In most of the Commonwealth nations November 11 is Remembrance Day, a holiday celebrated since the end of World War I. Much like our Memorial Day, this day is set aside to remember those men and women who died in military service to their countries. The expression we often use in our Memorial Day is that we remember those who “gave their lives for their country.”
I am declaring for myself, today as another remembrance day, a day when I remember wonderful teachers who are no longer with us. In a way very different from military service members, these teachers gave their lives for their country. They could have made more money and found more status in other occupations, but they chose to teach. Certainly they did this because they loved the work and because they were committed to helping young people.
In the words of the Nora Jones song American Anthem, these people too can say, “America, I gave my best to you.” And so I remember…
Miss Fickett, my 7th grade English teacher. Like all superb teachers, she had high expectations for all of her students. While she was an imposing figure, she clearly cared deeply about our learning. She taught us to diagram English sentences, which was the first time I had an inkling of the logic in the English language. She would cringe today to see the death of the adverb, particularly in advertising, where we are urged to “eat healthy” or “shop local.” These advertisements would have earned a (sic) from Miss Fickett.
Mr. Vickery, was my high school senior year English teacher. A short, disheveled, and colorful character, at the time I did not fully understand what a treasure he was. He pushed a bunch of surly 17 year olds to see the breadth of English writing and to appreciate the hard work it takes to write well. His legacy lives on in special collections at UMaine’s Fogler Library where the Vickery collection of Maine books reflects his life -long passion for his home state.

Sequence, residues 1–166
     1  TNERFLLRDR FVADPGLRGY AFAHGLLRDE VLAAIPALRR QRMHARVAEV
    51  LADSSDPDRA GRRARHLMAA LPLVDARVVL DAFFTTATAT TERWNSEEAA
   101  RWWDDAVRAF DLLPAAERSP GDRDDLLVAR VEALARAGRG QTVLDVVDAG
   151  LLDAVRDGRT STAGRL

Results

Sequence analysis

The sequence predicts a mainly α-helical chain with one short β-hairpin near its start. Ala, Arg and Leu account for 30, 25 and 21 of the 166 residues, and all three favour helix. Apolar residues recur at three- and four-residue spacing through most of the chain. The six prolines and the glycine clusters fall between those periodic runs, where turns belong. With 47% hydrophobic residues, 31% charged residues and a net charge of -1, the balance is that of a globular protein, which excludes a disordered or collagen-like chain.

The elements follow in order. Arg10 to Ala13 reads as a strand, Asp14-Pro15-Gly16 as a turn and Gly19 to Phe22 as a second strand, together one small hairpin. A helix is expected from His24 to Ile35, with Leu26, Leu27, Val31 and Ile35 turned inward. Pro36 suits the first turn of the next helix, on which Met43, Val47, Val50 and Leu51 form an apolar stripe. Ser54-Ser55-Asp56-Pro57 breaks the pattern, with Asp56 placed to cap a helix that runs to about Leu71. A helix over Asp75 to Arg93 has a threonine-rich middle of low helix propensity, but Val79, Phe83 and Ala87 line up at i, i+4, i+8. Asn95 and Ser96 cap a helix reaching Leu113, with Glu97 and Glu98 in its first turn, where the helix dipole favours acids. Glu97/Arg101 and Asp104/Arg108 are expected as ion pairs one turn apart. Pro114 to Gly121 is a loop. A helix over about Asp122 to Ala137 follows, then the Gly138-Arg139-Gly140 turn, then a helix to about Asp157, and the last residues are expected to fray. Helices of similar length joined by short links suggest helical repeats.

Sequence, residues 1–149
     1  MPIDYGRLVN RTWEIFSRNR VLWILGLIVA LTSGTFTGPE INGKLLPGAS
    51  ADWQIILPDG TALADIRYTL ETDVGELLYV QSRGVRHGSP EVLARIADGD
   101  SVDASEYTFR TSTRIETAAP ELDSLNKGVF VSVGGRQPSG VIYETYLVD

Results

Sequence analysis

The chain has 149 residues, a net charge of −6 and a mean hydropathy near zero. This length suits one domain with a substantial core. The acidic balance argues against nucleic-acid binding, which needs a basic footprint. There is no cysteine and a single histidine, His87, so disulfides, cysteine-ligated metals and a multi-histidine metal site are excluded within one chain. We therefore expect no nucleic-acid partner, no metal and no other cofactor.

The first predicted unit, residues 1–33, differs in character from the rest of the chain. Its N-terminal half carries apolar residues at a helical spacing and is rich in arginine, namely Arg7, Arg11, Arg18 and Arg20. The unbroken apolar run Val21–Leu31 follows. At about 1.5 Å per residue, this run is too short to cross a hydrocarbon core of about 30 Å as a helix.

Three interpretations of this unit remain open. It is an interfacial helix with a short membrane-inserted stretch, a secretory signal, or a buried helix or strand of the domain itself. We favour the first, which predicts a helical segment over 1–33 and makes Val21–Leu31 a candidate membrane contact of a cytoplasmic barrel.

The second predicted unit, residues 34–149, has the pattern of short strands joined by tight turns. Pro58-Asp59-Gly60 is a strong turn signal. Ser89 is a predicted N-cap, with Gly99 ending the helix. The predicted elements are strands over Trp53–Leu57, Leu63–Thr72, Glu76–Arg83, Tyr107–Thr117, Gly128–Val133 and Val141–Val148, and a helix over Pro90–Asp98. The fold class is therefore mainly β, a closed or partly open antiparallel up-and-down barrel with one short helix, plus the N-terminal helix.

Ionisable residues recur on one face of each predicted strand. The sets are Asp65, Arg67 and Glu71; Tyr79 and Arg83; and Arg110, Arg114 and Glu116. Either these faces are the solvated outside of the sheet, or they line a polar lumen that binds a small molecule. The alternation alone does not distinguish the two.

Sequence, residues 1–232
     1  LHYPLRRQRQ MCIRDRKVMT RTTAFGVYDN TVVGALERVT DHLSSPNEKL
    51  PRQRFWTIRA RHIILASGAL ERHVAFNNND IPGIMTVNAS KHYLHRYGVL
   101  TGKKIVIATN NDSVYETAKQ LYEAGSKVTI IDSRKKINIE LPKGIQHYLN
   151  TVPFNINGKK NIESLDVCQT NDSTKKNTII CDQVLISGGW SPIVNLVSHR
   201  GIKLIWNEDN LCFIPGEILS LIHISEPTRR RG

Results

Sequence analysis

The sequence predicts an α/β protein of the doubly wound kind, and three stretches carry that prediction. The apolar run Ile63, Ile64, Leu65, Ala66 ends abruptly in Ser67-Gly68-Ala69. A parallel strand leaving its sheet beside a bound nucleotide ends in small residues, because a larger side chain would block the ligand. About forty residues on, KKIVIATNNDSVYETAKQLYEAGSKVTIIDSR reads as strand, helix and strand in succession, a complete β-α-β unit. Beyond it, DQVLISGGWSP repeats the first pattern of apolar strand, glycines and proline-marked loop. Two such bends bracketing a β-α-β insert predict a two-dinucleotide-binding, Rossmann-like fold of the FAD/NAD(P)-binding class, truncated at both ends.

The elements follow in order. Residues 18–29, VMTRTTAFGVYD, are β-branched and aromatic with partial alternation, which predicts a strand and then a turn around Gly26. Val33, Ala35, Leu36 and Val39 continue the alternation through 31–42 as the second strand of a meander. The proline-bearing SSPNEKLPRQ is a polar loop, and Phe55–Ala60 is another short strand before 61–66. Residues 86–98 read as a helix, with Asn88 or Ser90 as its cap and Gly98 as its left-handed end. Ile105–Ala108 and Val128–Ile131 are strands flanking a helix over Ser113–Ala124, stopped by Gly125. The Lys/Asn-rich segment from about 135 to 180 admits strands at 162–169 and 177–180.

Ironically for someone who studies social sciences, my third remembrance is also an English teacher. Larry Hall taught me expository writing my first semester of college. I did not realize at the time that this was Lawrence Sargent Hall, whose much anthologized short story The Ledge captures the essence of coastal Maine the way few writers have been able to. All I knew was that a semester of writing for Larry Hall was a gift. He taught writing by asking us to write, and edit, and re-write, and edit… You get the picture. Every writing class I had the privilege to teach decades later was shaped by Larry Hall.
My second semester of college I had the privilege, by pure accident, to take a tutorial from the college President, Roger Howell. There were two of us in this class. We read a book a week on utopian themes and spent one evening each week in the President’s house discussing these works. I should have been intimidated by what I was doing, but at least I realized the power of this man’s intellect. In a second semester we moved from utopia to futures literature which in many ways set the foundation for my future career. Good teachers often live on in your work.
My junior year of college was spent under the tutelage of Frank C. Spooner, Professor of Economic History at Durham University. Spoons, as he was affectionately known, shepherded a group of American college students around the United Kingdom and the continent. He seemed to know everything and everyone, dressed as you would expect an English don, and was gracious always. In the words of the lawyer/singer/songwriter Paul Nunes, “Spoons was my main man.” While not our classroom instructor, we learned more from him than we could have learned in any class.
In my last semester of college I met a force of nature, Matilda White Riley. She taught the only sociology course I ever took, one on the sociology of death and dying. I learned more about how do to social science research in those three months than any other time in my life. The most important lesson I learned from Mrs. Riley was that teaching was about passion. If you did not love the material you were teaching or the act of teaching it, you did not belong in the classroom. Every day her large smile and boundless energy to dive into the material impelled us forward. Like Miss Fickett many years before, she gave her all and expected no less from us. This is the central lesson about teaching for me.
On my 21st birthday Professor Spooner gave me a bottle of vin du pays from Carcassone. To all these teachers of mine I lift a glass of this gift and thank you for giving your best.